and build volumes in existing urban markets and look for opportunities
in new emerging rural markets.
| "Free sampling can convince the consumer
to switch habits. But it can also reinforce her instinctive
behavioural response not to change."
CMD, Candico India
The sheer time and effort
needed to create new customers by, in effect, changing consumer
behaviour, is amply bought out in multiple historical examples.
The radio, the telephone, the TV, and now, the internet have all
taken years to achieve the critical mass required to be financially
self-sustaining (the last still hasn't).
If a company desires to change consumer behaviour,
it needs one of these two: a couple of decades, or an industry-wide
association willing to back a certain product (or service) standard
while consumer-resistance is slowly chipped away and the real tangible
benefits of the new product become apparent.
The fact that India White attempted to introduce
a shift to products that have some familiarity to the rural consumer
rather then trying to vend brand new products must have mitigated
the enormity of the task. That it still remained a daunting one
is evident in the dilemma facing Dani.
I believe that marketing may be a powerful
enough tool to create new consumers (as opposed to the relatively
easier task of shifting consumers between brands) given a couple
- The new product needs to have a clear, demonstrable
and immediate benefit over the current alternative.
- The marketing message should stay focused
on this benefit and the company should not crowd its communiqué
with other messages.
India White may have flooded the market with
its samples, but I wonder if it looked at the 'benefits' that its
products provided its potential consumers. It is easier to browbeat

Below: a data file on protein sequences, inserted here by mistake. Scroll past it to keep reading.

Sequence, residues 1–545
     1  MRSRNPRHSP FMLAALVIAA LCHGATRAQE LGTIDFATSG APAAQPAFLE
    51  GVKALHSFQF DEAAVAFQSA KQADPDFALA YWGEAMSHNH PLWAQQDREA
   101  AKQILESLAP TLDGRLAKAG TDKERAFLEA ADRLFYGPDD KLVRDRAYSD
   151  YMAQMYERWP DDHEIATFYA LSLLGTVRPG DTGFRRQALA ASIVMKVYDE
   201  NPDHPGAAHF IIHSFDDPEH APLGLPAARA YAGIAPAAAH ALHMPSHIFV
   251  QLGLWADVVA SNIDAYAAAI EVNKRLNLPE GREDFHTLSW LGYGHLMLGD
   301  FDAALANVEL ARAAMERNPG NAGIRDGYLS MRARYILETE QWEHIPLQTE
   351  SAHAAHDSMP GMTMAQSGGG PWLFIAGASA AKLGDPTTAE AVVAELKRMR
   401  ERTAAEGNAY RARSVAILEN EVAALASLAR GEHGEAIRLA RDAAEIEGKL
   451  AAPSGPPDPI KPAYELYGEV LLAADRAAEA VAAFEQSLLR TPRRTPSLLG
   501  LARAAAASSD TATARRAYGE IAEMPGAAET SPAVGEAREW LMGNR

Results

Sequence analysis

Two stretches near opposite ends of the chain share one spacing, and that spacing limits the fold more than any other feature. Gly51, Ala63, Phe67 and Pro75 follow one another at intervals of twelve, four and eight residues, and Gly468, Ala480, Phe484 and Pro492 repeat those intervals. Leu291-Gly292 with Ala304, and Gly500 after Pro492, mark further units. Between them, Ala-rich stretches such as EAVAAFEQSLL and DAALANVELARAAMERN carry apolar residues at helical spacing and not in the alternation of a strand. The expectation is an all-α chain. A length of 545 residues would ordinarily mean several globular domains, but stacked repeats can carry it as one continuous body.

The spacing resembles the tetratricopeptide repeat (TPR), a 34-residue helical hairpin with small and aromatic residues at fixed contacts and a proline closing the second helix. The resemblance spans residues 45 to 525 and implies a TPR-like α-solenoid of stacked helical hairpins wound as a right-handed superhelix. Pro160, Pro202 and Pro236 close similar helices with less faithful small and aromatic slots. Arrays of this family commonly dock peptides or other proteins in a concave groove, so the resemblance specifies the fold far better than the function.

a consumer into believing that India White's toothpaste has the
'benefit' of making her teeth whiter then it is to study whether
this benefit holds any value to the consumer. The company needs
to honestly question itself whether the benefits it professed were
identified after studying the specific needs of the rural consumer
or were merely assumed to work for rural consumers because they
did so for their urban counterparts.
Free sampling is a double-edged sword. It can
convince the consumer to switch habits and it can just as easily
reinforce her instinctive behavioural response not to change. Clear,
demonstrable, and immediate benefit is even more important in a
free sampling scenario because if the consumer does not perceive
the promised benefits of the product during the trial, you've just
ensured that she will not try out the product again. The 'inquisitive
sale' market would have been completely eliminated.
Another real danger of the free sampling initiative,
especially in the way that India White seems to have gone about
it, is marketing overkill. When you have an army of corporate suits
descending on rural habitats there is every chance that in the excitement
to push the product, promises that the product simply cannot keep
will be made. There is such a thing as overselling your product,
especially if the corporate attitude is ''make them try it first,
we'll worry about them buying it later''. India White's Operation
Hinterland may well have instigated well-meaning but inexperienced
individuals to say whatever they needed to in order to instigate
The rural-urban substitution effect that Dani
refers to-of growth in demand in rural areas making up for a fall
in the same in urban ones-overlooks the massive differences between
value-obsessed rural consumers and their relatively image-focused
urban cousins. Despite the India White example, though, companies
can expect to increase sales in rural markets since the low per-capita
consumption in the rural markets coupled with a decade of strong
agricultural growth and exposure to the mass media has primed them
for strong medium term growth. The secret is to come up with a value-benefit
that is really relevant to the rural consumer. Did India White do